I have friends that own a Windows laptop and an iPhone. They are so concerned about privacy that they cover their laptop’s web camera with a duct tape. Well, there’s nothing wrong with covering your computer’s camera, but these “geniuses” then take their iPhones to washrooms with a selfie camera wide open. Seriously, with laptop snooping, the worst picture hackers can get hold off is you looking stupid on a work desk. Compare that to spying on a phone, which most people tend to take to even the most intimate places. Such people got a rude shock today when some users reported an exploit in iPhone’s FaceTime feature. As per the reports, this issue enables wannabe spies to eavesdrop on other people without their knowledge. A caller can hear the voice on the other end even if the other person is yet to receive or decline a call. As a result, Apple has temporarily disabled the facetime service. It is ironic how the company that smugly attempted to troll Google and Amazon over privacy at CES 2019 got face-planted within a month. This news has left many iPhone users aghast. However, if you have been tracking Apple security news in recent years, this is not surprising at all. In fact, here are some of the most scandalous security debacles that left the Cupertino company red-faced:
Celebrity iCloud Hack (2014)
A month before the iPhone 6 and 6 Plus launch, the cradle of memes and dark humor 4Chan took the media by storm after leaking private (mostly nude) pictures of celebrities. The breach, also known as The Fappening, affected over 500 celebrities including Hollywood A-listers such as Jenifer Lawrence and Kate Upton. So how did this happen? Well, we all know that celebrities are iPhone users and they don’t fiddle much with the device’s settings mostly because they are busy clicking nude selfies in free time. So, on default settings, each camera shot automatically gets backed-up on Apple’s iCloud server. Moving on to Apple’s security “expertise”, the Cupertino company for some reasons decided not to limit the login attempts. As a result, hackers had unlimited chances to brute force a password! Using this method, hackers got access to iCloud accounts of celebrities. Seriously, login cooldown is a web security 101. But, hey Apple likes to think differently, right?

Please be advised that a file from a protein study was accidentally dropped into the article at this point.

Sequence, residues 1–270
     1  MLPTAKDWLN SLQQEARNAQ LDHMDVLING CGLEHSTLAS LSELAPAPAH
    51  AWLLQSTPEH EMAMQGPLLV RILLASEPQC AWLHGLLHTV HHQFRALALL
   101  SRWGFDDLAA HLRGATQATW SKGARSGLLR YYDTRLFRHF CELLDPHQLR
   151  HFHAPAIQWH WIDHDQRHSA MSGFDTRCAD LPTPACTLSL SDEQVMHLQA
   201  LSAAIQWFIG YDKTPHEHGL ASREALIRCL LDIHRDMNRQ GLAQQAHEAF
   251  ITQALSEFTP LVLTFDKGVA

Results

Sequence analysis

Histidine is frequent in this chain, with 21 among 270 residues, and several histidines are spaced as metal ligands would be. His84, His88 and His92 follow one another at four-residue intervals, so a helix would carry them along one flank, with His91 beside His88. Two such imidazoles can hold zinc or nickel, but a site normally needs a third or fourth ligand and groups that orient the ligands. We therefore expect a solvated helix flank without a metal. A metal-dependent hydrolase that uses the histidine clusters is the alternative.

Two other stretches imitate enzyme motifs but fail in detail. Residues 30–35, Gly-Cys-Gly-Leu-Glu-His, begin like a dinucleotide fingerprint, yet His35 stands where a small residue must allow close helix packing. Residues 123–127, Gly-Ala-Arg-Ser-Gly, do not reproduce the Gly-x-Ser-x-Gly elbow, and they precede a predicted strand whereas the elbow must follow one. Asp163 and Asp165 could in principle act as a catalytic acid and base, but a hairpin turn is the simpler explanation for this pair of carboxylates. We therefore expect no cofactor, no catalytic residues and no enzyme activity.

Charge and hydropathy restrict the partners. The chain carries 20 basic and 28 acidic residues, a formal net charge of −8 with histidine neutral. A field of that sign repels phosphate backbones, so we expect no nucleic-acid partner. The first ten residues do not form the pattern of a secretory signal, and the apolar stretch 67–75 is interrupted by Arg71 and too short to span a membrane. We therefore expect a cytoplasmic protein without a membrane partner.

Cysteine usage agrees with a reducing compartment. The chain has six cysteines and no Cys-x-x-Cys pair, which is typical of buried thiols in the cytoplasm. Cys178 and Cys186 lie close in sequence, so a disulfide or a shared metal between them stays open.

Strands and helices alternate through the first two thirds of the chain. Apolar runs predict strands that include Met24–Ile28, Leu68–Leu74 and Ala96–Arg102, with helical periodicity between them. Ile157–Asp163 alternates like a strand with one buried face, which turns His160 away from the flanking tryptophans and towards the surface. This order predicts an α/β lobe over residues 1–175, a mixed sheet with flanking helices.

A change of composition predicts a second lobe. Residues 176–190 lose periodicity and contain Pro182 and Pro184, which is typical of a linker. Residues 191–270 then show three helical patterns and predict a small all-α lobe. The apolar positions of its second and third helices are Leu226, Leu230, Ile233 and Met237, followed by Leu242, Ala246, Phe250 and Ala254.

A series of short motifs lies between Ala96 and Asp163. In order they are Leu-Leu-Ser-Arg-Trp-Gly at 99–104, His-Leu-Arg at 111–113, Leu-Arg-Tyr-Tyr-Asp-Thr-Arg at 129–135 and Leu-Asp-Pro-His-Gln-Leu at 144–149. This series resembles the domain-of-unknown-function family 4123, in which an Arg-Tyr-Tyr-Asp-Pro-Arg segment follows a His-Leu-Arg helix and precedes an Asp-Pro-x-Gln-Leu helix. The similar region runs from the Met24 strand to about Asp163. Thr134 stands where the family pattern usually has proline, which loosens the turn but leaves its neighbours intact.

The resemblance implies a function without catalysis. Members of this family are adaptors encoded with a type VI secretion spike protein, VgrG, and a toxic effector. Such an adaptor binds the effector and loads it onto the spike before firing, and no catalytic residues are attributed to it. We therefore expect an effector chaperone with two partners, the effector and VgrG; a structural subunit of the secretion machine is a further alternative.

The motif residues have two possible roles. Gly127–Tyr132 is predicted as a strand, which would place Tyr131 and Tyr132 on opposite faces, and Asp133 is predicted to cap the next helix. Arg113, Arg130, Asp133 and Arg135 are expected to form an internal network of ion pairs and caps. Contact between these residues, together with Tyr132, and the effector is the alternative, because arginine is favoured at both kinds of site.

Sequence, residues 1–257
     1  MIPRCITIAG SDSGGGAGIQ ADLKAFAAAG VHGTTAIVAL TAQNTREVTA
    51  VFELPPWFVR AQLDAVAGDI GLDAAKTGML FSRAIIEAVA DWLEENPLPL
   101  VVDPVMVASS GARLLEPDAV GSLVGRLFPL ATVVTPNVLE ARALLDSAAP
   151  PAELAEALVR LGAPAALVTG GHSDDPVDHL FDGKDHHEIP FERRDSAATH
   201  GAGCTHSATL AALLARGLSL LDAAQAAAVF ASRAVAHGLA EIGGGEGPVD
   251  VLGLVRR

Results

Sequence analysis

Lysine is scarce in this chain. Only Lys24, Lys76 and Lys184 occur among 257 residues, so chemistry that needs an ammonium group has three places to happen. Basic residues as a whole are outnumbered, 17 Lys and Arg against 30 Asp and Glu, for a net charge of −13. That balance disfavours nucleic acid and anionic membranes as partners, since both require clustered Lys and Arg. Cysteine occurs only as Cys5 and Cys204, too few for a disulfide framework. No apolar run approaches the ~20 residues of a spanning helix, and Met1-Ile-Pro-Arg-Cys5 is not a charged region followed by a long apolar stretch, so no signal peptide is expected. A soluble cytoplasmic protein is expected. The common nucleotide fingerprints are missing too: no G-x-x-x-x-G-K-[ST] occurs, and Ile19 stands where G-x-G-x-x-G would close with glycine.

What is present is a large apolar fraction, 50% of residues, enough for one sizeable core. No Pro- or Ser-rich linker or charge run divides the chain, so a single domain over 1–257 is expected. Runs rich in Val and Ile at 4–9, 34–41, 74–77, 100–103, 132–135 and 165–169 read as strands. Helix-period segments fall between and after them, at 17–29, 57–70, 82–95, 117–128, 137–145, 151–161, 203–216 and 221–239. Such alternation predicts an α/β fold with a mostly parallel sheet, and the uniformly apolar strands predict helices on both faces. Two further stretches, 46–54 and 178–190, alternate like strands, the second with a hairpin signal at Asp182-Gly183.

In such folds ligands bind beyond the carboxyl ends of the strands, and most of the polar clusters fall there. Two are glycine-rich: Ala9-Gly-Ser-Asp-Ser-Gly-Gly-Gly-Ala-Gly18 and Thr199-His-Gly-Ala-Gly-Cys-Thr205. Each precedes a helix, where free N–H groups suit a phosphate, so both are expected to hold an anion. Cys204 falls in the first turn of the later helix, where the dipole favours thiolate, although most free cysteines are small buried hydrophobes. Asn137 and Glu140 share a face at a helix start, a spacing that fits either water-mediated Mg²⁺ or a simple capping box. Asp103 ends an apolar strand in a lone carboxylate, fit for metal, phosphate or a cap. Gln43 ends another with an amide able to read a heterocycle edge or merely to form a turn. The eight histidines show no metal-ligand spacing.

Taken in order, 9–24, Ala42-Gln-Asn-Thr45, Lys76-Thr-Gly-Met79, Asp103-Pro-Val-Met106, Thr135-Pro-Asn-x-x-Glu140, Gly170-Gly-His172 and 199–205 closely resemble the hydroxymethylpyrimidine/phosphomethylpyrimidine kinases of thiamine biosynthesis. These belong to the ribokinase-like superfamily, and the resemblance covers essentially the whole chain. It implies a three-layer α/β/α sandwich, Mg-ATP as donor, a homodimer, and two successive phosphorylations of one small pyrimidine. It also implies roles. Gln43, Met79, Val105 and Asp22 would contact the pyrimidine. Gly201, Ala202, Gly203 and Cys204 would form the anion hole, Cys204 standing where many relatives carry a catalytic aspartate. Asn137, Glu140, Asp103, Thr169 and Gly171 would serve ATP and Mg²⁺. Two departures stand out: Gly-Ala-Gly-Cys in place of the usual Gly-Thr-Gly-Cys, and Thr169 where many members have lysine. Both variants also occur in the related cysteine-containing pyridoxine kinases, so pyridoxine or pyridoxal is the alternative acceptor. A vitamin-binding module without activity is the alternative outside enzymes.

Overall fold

Jennifer Lawrence upon learning about the iCloud breach.
High Sierra Vulnerability (2017)
Just a couple of years ago, Apple rolled out MacOS High Sierra update. The Cupertino company’s latest version of operating system had a glaring security flaw that let anyone log in to a locked MacBook or iMac without entering a password. As reported by Lemi Orhan Ergin, the root of the problem was literally the text “root”. The co-founder of CraftBase found out that using “root” as username with a blank password enabled anyone to gain access to Apple devices running High Sierra. Sure, I can understand that developing an operating system is not an easy task. This is exactly why people didn’t complain much about High Sierra’s trivial issues such as stuttering animations and broken extended monitor support. But, login with black password is just too amateur a mistake for the world’s most valued tech company.
Dev Center Breach (2013)
Apple’s security lapses have not only affected its users, but also hundreds of individuals from its developer community. Back in 2013 when the iPhone 5 was a rage, a group of hackers breached Apple’s DevCenter website. It resulted into compromising the personal information of developers. As per reports, the security breach compromised developers’ names, addresses, and email addresses. Apple initially denied these reports by saying that it took the website offline as a precautionary measure. After all, it is the company that told users they are holding their phone wrong in 2010. However, after backlash from the community, the Cupertino company accepted that they got owned. What’s worse is that a security researcher Ibrahim Balic had warned Apple about its security flaws. However, the company was so cocky about its infrastructure that it decided to completely ignore his bug reports. Balic, then went ahead and extracted information of over a 100,000 users. Speaking to 9to5mac, he claims that he is planning on deleting all this information.